There are many myths about filing for bankruptcy, but two of the most persistent are actually two sides of the same coin.
On the one hand, people often believe that when they file for bankruptcy, they will lose everything. That, of course, is not true. Read more about bankruptcy relief.
Collateral without repaying the loans
It is also a common belief that filing for bankruptcy means that all their debt is gone and that they can keep their vehicles, houses and other assets that served as collateral without repaying the loans.
This is also not true.
In this series of articles, we talk about how and what debts are discharged in a typical bankruptcy case. In this article, we focus on secured debt: that debt for which you put collateral that the creditor could use and sell if you did not pay your loan as agreed.
One loan: two agreements
A secure loan actually involves two different agreements: an endowment and a security agreement.
The first, the promissory note, contains the conditions for the loan. It contains finances for the amount you will finance, additional fees, interest rates, interest rate, payment amount, loan length, payment dates, payment method, conditions and amount of late fee, the total amount that will be paid over the life of the loan and much more information on how you are expected to repay the money you are borrowing.
A security agreement is a separate agreement, although it may be included in the same document as the bill of exchange.
A security agreement gives a loan to those interested in the property you have funded. The item becomes collateral for the loan. The lender agrees to issue the purchase price of the item.
You agree that if you do not pay in accordance with the terms of the promissory note, the lender has the right to seize the property (cancellation or foreclosure), liquidate (sell) and apply the proceeds of the sale to the amount that you still owe to the lender.
What happens to a secured bankruptcy loan?
In a bankruptcy case, the debenture obligation – the requirement to repay the loan – is subject to discharge. Therefore, if you do nothing to change the outcome, the promise you made to return the money will be dropped when you receive your General Discharge.
Sounds great, doesn’t it? That’s what you’re looking for in Chapter 7 – Exemption from Paying Those Heavy Bills.
But there is a blow. The security agreement has not been terminated. The landlord still has an interest in the property and the right to recover or confiscate the property if you do not pay. Some people may find themselves with a repaid loan and no obligation to pay but still hold collateral.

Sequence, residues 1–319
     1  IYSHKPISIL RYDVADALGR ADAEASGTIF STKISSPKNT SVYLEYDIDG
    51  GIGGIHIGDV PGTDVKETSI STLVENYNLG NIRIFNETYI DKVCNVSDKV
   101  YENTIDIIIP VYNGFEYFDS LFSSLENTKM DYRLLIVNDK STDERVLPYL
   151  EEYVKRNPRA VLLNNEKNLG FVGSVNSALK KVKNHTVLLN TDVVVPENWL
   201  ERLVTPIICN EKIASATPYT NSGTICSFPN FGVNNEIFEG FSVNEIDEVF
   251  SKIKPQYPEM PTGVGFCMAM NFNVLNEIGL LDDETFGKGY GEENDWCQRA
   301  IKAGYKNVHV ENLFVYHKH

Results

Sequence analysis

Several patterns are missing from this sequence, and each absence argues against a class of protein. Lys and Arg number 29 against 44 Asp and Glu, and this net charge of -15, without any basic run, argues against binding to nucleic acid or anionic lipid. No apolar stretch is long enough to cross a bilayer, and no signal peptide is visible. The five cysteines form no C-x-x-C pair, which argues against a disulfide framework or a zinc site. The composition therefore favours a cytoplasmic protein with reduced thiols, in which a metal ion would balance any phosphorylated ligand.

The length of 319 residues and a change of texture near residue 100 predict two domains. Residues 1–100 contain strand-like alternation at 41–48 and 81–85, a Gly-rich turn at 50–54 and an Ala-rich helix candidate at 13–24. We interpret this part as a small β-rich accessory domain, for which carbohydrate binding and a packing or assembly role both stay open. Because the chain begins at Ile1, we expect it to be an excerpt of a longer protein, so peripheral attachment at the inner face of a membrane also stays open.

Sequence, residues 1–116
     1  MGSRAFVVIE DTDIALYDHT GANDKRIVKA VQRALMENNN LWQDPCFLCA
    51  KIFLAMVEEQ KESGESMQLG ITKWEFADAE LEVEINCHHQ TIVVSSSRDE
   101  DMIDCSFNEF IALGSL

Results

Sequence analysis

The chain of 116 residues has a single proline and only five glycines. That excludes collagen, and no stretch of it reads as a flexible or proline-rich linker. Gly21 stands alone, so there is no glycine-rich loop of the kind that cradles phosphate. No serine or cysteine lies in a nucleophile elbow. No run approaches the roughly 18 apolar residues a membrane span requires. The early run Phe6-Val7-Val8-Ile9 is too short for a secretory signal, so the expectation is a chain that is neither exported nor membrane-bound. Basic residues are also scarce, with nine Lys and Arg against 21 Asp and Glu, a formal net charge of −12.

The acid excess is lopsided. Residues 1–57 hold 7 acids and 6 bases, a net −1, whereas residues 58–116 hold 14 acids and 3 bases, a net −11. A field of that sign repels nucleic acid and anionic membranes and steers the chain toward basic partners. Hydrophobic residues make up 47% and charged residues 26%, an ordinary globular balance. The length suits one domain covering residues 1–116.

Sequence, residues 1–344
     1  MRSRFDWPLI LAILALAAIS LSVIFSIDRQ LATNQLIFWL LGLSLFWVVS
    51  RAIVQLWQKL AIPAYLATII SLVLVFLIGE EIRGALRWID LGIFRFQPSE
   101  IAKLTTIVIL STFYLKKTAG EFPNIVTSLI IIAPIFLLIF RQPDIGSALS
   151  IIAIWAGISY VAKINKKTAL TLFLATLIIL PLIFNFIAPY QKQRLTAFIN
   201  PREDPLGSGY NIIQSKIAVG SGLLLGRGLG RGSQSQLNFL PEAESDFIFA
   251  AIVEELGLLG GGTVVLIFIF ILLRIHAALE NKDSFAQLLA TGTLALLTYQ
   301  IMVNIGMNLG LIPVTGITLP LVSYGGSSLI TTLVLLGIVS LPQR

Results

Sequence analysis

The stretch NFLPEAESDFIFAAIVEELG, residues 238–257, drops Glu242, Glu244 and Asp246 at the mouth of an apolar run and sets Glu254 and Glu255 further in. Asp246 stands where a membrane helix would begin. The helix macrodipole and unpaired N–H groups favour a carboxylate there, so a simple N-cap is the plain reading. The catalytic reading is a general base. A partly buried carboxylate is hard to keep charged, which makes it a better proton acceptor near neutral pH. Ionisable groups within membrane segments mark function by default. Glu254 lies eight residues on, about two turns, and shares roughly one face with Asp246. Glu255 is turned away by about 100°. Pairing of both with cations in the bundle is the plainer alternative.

However, it is not likely to hold that collateral for long. This is because the lender will almost always want the property to pay at least part of what you owe.
The landlord will also not have to wait until the end of Chapter 7 to begin this process. When you file a case in Chapter 7, one of the documents included in the paperwork is called a Statement of Intent. In the Statement of Intent, you list all your secured debts and state whether you intend to keep the property or hand it over to the loan.
If you do not wish to retain the property, you are required to make it available to the secured creditor no later than 45 days after the meeting of the creditors. If you did not surrender the property then, the secured creditor may commence foreclosure or repossession without obtaining permission from the bankruptcy court.
Excavation is especially useful if you owe more than your property is worth. It is used almost exclusively for personal property such as vehicles or appliances. It allows you to pay off the value of the property to the creditor, usually in a lump sum.
This will satisfy both the bill of exchange and the security agreement. To do this, some lenders refinance their assets through other lenders, such as companies that specialize in helping debtors repurchase the property.
Because many borrowers either cannot raise the money to seize the property or do not want to pay higher interest income, the buyout company will collect, many borrowers will choose to reaffirm the debt they already have.
Reaffirmation is a process that takes a loan out of bankruptcy
Reaffirmation is a process that takes a loan out of bankruptcy. The exemption will not apply to the reaffirmed loan, and the borrower remains liable to the lender on the bill of exchange and security contract until the loan is paid off.
Debtors can only confirm loans if they can actually afford the payments. Most of the time, bankruptcy schedules, including a list of income and expenses, will show that there is room in the payment budget.
If it does not exist, it may be necessary to hold a hearing before the bankruptcy judge before approving the confirmation agreement.